By Liz Tracy
By Alex Rendon
By Abel Folgar
By Lee Zimmerman
By David Rolland
By Lee Zimmerman
By Alex Rendon
By Liz Tracy
"Dude, I could just stand here and listen to this for the next two days!"
-- overheard at Respectable Street, Wednesday, November 5, 2003
Although we've attended many a show at Respectable Street in West Palm Beach, nothing in our tenure has approached the sight of the line down the frickin' block in anticipation of the November 5 date with Mates of State and Death Cab for Cutie. Wednesday night on Clematis Street is generally sleepy, but the people flocking to the show at the 350-person-capacity club were diehards, some of whom had made a 130-mile round-trip pilgrimage from Miami.
Part of the success was attributable to the double bill. Mates of State attracted a healthy young fans of their own, 20-somethings hanging on every word. Death Cab for Cutie, obviously on the verge of some minor breakthrough, is still a rock band -- albeit a talented one with better-than-average songs -- and they rocked out more than you would've expected. During one frenzied climax, mild-mannered bandleader Ben Gibbard even played his Stratocaster with his teeth.
Over near the rear exit sat the busy merch table, where copies of both bands' newest records sold briskly and $12 T-shirts were being exchanged for clammy balled-up wads of bills.
The relative peace between songs was regularly disturbed by shouting not "Freebird!" but words of good will because the fans literally couldn't contain themselves. Not even granite-hearted Bandwidth could gain pleasure in mocking that.
Most amusing to performers and audience alike was one bloke who made it loud and clear that he was there only to soak up Transatlanticism's phenomenal title track (described extensively in "Atlantic Crossing," October 30, 2003). He became more and more vocal and impatient, which soon became a running joke on-stage. It was particularly amusing to those of us pressed up against the monitors, who could see, by the lengthy set list taped to the floor, that the object of this man's desire was the final number in a 20-song program.
But who was counting? In the back of the room, fatigue may have found its way into hipsters' bloodstreams, but in the front, most seemed to echo the sentiments of those quoted above. Before the show, Gibbard explained that the songs were chosen to appease hard-core fans. "Live shows exist for the audience," he said. "They don't exist for you. The reason you're going to somebody's town is to play the songs they want to hear."
These kids weren't there to drink or smoke or socialize but to sing along to every song while bathing in Gibbard's dripping sweat. They sounded way more out-of-key, but no less fervent, than the Carrabba Army that shows up for Dashboard Confessional's stadium shows. Maybe there's an overlap in the fan base there, Ben? "I dunno," he admitted. "If we can get everyone singing along to the end of 'Transatlanticism,' it'll be awesome." But he drew the line at the sort of evangelical ass-kissing Dashboard gets every night.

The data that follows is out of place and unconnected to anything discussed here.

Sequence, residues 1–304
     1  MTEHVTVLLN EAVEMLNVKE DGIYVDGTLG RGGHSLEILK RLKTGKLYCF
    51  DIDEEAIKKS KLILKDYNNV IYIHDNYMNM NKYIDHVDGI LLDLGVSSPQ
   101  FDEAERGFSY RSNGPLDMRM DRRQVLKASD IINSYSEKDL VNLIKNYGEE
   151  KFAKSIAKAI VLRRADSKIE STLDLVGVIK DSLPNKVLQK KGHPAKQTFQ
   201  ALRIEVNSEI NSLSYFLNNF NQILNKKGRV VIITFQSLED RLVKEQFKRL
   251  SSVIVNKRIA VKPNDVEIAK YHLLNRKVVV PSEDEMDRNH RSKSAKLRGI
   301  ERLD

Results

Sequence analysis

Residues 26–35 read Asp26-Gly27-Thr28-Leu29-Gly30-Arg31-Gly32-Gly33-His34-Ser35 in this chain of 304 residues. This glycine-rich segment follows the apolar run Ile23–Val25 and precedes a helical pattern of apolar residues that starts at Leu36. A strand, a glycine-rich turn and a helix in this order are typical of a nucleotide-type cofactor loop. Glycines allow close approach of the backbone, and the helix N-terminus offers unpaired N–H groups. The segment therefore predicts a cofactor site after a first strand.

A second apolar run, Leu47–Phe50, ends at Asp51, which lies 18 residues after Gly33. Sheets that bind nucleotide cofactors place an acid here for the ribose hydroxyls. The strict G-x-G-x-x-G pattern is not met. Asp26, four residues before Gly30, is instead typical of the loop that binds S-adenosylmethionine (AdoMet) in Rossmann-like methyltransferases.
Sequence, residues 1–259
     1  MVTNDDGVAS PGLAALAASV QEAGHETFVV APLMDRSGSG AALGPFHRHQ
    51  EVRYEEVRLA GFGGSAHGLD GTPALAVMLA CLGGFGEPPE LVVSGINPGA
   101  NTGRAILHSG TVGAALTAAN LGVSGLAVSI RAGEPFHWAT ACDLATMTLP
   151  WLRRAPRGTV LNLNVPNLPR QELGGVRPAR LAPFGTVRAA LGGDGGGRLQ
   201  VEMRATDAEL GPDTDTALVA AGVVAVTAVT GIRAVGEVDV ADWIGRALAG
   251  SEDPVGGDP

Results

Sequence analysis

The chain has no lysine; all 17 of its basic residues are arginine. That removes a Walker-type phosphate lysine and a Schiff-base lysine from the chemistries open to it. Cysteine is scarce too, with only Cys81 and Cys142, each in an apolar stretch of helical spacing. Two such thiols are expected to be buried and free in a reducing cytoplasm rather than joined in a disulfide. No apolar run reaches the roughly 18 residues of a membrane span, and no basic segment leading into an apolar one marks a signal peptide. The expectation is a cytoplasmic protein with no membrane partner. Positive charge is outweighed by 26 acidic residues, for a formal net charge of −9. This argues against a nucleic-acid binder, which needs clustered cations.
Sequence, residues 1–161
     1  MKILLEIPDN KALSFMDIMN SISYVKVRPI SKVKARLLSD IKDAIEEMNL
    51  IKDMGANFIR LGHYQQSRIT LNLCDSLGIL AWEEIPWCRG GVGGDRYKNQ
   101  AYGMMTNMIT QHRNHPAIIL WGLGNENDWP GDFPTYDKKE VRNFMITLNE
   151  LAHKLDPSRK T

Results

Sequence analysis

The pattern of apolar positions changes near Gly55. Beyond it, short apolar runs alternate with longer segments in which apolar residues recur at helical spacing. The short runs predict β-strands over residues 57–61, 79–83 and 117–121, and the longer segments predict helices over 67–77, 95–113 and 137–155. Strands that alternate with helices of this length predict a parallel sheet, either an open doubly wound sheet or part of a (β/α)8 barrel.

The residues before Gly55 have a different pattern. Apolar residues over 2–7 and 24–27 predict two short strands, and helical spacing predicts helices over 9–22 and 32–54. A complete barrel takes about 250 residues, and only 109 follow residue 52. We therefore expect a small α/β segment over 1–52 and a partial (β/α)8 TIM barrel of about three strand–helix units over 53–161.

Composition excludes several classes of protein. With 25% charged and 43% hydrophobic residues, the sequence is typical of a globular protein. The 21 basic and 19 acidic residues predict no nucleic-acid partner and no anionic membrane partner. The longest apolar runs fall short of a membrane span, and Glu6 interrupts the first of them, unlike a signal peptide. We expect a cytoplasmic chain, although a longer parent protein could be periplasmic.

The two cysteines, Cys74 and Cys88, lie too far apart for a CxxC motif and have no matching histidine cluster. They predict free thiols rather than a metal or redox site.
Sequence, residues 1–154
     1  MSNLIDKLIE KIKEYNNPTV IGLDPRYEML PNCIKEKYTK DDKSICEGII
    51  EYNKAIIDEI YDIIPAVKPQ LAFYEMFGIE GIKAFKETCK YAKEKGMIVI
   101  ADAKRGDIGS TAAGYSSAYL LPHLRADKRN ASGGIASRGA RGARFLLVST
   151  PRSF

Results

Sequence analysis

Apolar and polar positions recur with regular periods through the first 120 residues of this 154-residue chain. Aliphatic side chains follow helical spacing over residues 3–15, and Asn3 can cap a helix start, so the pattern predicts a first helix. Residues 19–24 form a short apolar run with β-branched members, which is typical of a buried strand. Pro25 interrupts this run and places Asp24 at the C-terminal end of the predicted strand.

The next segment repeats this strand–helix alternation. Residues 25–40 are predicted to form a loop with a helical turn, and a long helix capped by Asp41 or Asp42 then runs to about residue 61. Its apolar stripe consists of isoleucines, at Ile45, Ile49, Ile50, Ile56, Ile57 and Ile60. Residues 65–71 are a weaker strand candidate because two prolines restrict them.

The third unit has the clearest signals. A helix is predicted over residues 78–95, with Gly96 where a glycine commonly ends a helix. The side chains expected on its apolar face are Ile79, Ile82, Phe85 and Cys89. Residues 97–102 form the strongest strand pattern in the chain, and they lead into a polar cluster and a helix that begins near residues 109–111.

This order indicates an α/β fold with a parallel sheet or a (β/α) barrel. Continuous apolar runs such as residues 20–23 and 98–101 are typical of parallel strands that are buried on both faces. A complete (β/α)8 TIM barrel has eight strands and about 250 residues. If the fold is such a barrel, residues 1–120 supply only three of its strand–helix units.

"It seems like it's gone past -- and I'm just assuming here -- that it's gone past the people at those first small shows who were really feeling it and were singing along because they couldn't help themselves from singing along," Gibbard correctly guessed. "And now it's like some kind of Pavlovian response. You have to go and sing louder than the singer. I think that it's gotta be frustrating as hell."
But being as genuinely nice as he is, Gibbard quickly qualified anything that could have been taken as a slight against Carrabba. He acknowledged the Teeny Tattooed One's power and "insane" success. Issuing this prediction, though, he visibly cringed: "I have a weird feeling that the entire crowd singing every word to every song is going to be the new moshing."
Carrabba is 28 years old. Gibbard is 27. The older guy may be much more fluent in the language of teen heartbreak, but he's not savvy enough to write genuinely good lyrics or anything trickier than the universally boring verse-chorus-verse strum-a-lum-lum-a-lum-lum.
It's worth noting that Carrabba -- sometime after appearing on the cover of Spin and before (thankfully) disappearing beneath the waves -- reportedly named Transatlanticism his current favorite record.
Transatlanticism must knock Carrabba down a few pegs. After all, Death Cab is emo as all get out, if emo is really shorthand for emotional. One guy even lifted his glasses and wiped away wetness from his baby blues right in front of Bandwidth during one of Gibbard's slobbery heart-pours. But Gibbard's angelic voice aside, his songs possess a well-read maturity and aren't likely to embarrass him to death in five years. Can Carrabba say that?